When political finance rules are broken, be it by a political party or a third party campaigner, the Electoral Commission has the necessary powers to investigate, has civil sanctioning powers to take action where it feels necessary, and can and does refer far more serious suspected offences to the police. Clear guidance and proportionate use of both civil and criminal sanctions are essential for ensuring compliance and communicating the seriousness of the rules.
I turn to some of the measures in the Elections Bill, which will further strengthen the rules on election campaign finances. I am acting on a recommendation in the House of Lords Democracy and Digital Technologies Committee’s report to introduce a new tier of registration for third party campaigners. At this point, I acknowledge the political attack that the hon. Member for Putney attempted to make, which is that somehow I have jumped the gun on the CSPL by having the temerity to publish the Elections Bill this week. I am not sure that she can have it both ways. I have spent years listening to and reading recommendations from all quarters to ensure that the Bill is as good as it can be. I welcome the CSPL’s work and that of many Committees, and I suggest that we now get on with the Bill.
Under the new rules, campaigners spending more than £10,000 on regulated campaign expenditure during a regulated period anywhere across the UK will be required to register with the Electoral Commission. That is particularly important, with digital campaigning proving far more cost-effective than traditional offline campaigning. The rules will ensure that campaigners spending significant amounts of money in any of those ways are transparent and accountable to the public—again, that is one of the core principles. The Bill will also protect the integrity of spending limits, and the even playing field that they provide, by removing the potential for anybody to register as both a political party and a non-party campaigner at the same time. I find it breathtaking that this has actually happened—a campaign group has done both, which is a slap in the face for those who believe that we should have a level playing field and that spending limits mean something.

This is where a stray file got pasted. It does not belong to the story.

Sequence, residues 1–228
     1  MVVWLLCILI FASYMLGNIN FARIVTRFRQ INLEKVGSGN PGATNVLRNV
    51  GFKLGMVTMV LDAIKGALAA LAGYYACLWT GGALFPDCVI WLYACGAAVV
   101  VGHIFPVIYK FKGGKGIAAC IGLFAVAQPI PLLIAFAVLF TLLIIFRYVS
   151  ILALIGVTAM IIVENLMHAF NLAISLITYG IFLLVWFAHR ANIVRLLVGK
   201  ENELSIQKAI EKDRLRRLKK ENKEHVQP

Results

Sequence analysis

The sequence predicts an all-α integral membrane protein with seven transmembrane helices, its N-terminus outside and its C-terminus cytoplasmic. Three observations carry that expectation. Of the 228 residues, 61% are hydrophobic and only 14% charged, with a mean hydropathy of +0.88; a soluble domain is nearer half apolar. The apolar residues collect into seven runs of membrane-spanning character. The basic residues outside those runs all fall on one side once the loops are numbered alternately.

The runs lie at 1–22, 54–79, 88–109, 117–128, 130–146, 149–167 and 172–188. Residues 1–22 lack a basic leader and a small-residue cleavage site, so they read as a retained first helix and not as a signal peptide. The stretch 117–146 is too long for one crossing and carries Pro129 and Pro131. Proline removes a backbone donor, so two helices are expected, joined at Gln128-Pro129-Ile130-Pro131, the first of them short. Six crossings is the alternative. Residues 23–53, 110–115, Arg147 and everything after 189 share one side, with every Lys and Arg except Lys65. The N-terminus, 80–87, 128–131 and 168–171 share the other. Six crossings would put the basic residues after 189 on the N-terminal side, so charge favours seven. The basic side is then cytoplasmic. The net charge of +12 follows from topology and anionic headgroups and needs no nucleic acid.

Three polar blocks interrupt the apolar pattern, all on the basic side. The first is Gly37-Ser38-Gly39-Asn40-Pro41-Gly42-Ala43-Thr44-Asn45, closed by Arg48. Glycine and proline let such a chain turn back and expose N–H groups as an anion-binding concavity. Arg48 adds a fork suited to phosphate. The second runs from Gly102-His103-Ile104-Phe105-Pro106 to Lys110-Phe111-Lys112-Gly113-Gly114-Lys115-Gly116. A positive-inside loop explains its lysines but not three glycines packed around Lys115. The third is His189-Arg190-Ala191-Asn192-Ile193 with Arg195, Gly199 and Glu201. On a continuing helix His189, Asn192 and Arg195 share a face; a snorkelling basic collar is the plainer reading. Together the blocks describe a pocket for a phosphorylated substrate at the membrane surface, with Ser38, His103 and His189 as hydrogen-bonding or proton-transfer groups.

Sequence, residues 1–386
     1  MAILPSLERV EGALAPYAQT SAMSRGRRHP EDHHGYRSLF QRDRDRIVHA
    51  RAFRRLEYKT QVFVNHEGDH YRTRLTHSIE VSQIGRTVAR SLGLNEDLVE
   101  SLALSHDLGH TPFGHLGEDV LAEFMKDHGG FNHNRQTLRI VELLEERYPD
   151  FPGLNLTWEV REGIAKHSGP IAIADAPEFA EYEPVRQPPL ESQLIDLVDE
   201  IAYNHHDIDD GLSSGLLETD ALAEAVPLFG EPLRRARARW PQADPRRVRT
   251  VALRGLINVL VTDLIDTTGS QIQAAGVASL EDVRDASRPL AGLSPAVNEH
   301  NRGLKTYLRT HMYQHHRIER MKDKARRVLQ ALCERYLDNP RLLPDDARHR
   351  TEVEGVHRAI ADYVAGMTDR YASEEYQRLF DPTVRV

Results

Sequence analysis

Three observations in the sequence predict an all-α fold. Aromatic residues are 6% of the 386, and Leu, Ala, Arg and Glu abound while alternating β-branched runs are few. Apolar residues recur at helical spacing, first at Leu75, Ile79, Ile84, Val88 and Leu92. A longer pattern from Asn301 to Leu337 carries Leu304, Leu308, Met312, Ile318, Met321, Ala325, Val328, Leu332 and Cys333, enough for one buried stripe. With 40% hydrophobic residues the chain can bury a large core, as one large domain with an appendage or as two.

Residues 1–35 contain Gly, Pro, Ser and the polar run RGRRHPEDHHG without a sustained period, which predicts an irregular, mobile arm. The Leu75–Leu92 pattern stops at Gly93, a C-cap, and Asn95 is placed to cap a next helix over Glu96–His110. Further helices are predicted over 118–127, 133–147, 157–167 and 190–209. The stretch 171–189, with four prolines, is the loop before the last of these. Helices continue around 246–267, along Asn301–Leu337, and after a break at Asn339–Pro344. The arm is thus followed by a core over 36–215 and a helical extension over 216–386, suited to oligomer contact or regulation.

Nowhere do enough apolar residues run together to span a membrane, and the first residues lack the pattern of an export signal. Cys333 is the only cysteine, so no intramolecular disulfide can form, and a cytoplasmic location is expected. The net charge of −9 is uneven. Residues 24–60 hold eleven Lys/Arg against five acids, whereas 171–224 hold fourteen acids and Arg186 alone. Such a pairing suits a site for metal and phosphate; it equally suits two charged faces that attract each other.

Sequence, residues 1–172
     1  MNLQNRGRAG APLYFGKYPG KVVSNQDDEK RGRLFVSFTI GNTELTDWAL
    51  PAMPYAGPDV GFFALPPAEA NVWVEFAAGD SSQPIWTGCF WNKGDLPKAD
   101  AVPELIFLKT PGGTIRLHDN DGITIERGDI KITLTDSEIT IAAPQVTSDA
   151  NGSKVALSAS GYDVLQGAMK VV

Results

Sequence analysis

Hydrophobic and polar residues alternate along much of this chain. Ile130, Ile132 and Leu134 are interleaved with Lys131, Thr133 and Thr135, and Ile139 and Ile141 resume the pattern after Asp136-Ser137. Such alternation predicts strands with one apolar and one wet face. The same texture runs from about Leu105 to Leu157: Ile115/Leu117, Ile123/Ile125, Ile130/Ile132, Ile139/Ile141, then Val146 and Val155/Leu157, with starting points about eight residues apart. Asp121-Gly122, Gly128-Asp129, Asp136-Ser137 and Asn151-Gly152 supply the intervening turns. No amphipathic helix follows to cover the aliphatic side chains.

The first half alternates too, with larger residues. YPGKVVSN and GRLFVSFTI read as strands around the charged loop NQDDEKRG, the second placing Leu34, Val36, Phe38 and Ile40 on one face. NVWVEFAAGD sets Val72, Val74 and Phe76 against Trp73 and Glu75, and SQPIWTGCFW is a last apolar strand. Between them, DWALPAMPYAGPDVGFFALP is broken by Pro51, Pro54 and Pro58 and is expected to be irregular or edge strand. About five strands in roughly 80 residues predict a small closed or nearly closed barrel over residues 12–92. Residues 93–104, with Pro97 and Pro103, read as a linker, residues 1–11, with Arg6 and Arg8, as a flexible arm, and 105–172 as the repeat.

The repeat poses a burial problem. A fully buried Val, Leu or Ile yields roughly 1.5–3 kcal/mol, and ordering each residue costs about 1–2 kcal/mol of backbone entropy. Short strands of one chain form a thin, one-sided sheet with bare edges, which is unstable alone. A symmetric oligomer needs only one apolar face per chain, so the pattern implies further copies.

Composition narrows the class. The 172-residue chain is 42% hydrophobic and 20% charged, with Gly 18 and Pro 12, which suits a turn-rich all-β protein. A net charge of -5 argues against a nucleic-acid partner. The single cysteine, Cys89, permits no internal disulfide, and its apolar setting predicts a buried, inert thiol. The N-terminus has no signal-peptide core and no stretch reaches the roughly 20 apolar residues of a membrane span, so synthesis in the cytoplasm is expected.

I turn now to another thing that our Bill does: there will be provisions to clarify the law on notional expenditure for candidates. This clarification is intended to restore the understanding widely held before a Supreme Court ruling in 2018. It is really important that candidates are liable only for benefits in kind that they use themselves or that they or their agent directed, authorised or encouraged someone to use on the candidate’s behalf. Doing that will allow candidates and agents to have confidence in their legal responsibilities again. It is really important that those involved in campaigning, spending and reporting—particularly volunteers, as election agents often are—understand their responsibilities and can execute their duties with certainty.